Anneke Bester’s striking bronze sculptures hit the Algarve in autumn of 2018
Anneke Bester’s life is a braid that has been carefully entwined over the years — things come and go, and together they make something extraordinary. The adjective doesn’t come from the artist, but the metaphor does. This is how 42-year-old Anneke explains how sculpting, theatre, cinema and even lighting naturally followed one another into her career, intermingling seamlessly and always generating something new. The result — which is not at all final, because in her art everything is constantly evolving — was found at ArtCatto Gallery, in Loulé, until December 22, 2018, as part of a collective exhibition, although some of the sculptor’s work remained in the South for longer.
Born in South Africa in 1976, Anneke comes from an artistic family, who influenced her greatly. At 16, she enrolled at Pro Arte Alphen Park secondary school, in Pretoria, South Africa. After graduating she wanted to study fine arts, but faced lengthy discussions with her father, who wanted her to follow a more financially stable path. After some research, Anneke found a theatre course to satisfy both needs: “It had all the creative elements, yet gave me the ability to make a living,” she says. The choice was “wise”, but the timing was not: as soon as Anneke graduated, a new South-African government took power and closed all state theatres.
But the administration that shut down theatres also opened casinos. Gambling became legal in South Africa and Anneke, along many other theatre prop artists, started collaborating with casinos and hotels. Most of her work involved themed decoration for these spaces as well as 3D signs. “From there I just slipped into TV. I used to do a lot of scenery and props for TV. Then I went to New Zealand, where I got into the film industry.”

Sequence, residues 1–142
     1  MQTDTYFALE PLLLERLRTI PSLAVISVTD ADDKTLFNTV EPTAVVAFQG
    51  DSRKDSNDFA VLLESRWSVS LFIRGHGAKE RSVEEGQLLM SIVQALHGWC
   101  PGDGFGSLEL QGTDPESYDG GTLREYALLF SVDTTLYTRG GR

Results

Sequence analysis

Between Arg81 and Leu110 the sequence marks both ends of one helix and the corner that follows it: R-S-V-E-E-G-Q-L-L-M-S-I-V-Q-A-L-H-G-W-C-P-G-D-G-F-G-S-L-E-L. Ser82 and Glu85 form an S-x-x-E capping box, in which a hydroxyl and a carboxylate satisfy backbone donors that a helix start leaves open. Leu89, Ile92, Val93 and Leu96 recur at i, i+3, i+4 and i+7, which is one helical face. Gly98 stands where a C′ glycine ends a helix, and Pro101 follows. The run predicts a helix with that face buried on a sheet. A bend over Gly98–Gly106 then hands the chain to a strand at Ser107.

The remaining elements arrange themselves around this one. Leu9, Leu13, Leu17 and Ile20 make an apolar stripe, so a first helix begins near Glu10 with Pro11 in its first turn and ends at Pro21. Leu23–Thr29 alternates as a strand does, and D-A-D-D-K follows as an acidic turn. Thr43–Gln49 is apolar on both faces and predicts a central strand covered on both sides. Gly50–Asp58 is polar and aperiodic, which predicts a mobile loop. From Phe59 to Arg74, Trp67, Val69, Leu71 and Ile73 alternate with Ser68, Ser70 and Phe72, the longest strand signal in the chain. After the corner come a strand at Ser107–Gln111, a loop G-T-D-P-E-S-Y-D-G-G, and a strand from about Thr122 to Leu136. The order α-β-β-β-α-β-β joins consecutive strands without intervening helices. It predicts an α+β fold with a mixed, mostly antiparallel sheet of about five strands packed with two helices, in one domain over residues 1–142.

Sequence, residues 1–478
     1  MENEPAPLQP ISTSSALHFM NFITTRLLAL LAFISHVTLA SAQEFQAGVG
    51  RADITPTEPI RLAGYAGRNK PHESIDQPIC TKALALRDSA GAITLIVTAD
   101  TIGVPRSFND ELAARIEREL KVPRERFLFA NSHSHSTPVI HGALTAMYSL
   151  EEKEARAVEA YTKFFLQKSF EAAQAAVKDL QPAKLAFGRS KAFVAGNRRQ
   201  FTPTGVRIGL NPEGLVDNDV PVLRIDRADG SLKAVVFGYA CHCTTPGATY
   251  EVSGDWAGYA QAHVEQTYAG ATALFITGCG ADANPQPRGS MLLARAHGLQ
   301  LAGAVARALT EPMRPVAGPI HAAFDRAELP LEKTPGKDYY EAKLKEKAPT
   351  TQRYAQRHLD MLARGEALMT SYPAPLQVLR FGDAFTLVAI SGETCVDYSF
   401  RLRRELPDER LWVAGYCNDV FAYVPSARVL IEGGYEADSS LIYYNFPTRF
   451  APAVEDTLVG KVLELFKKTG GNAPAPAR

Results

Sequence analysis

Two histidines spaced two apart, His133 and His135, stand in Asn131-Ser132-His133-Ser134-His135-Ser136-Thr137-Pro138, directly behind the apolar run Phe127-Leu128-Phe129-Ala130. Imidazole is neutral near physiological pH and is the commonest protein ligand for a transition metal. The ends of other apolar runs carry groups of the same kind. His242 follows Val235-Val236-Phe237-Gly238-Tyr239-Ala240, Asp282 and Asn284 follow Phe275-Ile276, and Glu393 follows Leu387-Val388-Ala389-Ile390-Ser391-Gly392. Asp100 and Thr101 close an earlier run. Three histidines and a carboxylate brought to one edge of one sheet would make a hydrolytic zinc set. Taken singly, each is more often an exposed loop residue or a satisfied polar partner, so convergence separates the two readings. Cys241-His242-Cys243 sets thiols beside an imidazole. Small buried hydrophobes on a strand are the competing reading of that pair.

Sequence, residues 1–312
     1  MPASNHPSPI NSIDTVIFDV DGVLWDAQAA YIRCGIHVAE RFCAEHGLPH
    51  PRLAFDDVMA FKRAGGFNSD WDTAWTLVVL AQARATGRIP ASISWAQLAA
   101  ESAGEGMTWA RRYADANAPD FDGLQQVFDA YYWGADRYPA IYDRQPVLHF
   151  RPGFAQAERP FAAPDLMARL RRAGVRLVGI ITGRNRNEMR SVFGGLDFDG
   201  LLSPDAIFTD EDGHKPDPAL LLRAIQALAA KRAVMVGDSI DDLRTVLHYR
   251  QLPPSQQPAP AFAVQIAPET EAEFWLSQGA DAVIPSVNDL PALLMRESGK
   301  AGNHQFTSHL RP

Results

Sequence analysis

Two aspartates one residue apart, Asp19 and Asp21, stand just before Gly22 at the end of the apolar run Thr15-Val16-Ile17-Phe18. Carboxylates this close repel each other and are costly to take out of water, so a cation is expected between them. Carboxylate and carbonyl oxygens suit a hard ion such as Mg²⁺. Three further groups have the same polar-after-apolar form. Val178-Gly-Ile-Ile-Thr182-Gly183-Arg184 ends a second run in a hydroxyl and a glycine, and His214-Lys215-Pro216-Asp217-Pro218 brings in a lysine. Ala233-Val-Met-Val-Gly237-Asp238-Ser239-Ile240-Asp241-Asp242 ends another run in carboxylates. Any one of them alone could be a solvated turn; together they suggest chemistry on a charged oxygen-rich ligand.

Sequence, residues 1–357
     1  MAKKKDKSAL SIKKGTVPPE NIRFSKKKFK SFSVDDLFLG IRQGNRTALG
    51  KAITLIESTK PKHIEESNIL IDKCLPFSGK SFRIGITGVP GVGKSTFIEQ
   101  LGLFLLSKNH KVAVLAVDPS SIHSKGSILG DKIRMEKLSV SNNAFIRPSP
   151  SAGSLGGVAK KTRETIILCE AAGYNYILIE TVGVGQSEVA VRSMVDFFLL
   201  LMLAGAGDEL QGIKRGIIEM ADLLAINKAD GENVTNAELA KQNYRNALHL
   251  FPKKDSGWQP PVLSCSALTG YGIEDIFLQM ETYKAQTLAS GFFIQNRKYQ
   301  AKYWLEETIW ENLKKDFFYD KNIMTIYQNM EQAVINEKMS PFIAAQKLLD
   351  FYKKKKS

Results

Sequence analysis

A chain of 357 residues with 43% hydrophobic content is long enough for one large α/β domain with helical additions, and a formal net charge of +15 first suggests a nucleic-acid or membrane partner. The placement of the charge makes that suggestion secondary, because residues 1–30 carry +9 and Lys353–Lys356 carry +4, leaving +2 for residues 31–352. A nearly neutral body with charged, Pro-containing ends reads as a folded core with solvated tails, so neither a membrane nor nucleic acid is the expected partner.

The propmaker’s résumé includes world-renowned films such as The Chronicles of Narnia: The Lion, the Witch and the Wardrobe (2005), The Hobbit trilogy (2012-2014) and Star Trek Beyond (2016).
“Working on something like movies is great because you cannot sit around and wait for inspiration to hit you on head. It’s almost inspiration on demand”Anneke Bester
Muses aside, working in films helped her master new techniques and materials, different from the usual fibreglass she used in commercial projects. “Some of the stuff we did on The Hobbit was fascinating because everything was made to scale. That’s an extremely important skill for a sculptor, always making sure everything is in proportion,” she explains.
As usual for Anneke, life took another twist before venturing into a cinematic career. After her first movie, she spent two years in Dubai, working in museums. It was there she first worked with bronze, her current medium of choice, after receiving a commission for eight life-sized falcons in 2007 for one of the world’s largest shopping centres. The task had its obstacles but it opened another window of opportunity for the artist: it was through this work she met the New Zealand foundry company she still works with today, launching a long relationship with bronze.
Anneke has continued to work with this alloy ever since. Every year she has released a collection of sculptures celebrating the human or animal form. Inspired by her many travels and the images she sees, the sculptor always has an idea of what she will portray, slightly exaggerating the figure’s line to convey fluid movement.She is completely absorbed in her work, which she combines with art consultancy for Neolight Global, a lighting design company, because, in her own words, she becomes a hermit.
At time of press she was in her home in Dubai, where Anneke has inevitably been influenced by the country’s culture. This had already happened in Africa, where she grew up and from where her preference for slight and tall sculptures comes, as well as the fluidity and drapery of marble sculptures from the Roman period, which she saw for the first time in a museum in Turkey. “And then of course, coming to Dubai completely changed it again for me in terms of what’s acceptable and what isn’t, what is considered decent. Even in art, trying to find that point where you can speak freely in a visual form, but without offending people, is the ultimate place to be.”
This search for harmony is evident in the eight sculptures that was on display at ArtCatto. There was Secretive, with a covered face yet whose body emanates freedom; Succumb, a figure with a fabric-covered, downcast head, which Anneke says many consider obscure but that in her head depicts the way we all fall down sometimes; and Extravagance, which is projected from a wall and, according to the artist, could have some lighting elements on the inside.
Can we expect illuminated pieces in the future? “We’ll see it soon,” she says. And we will be waiting.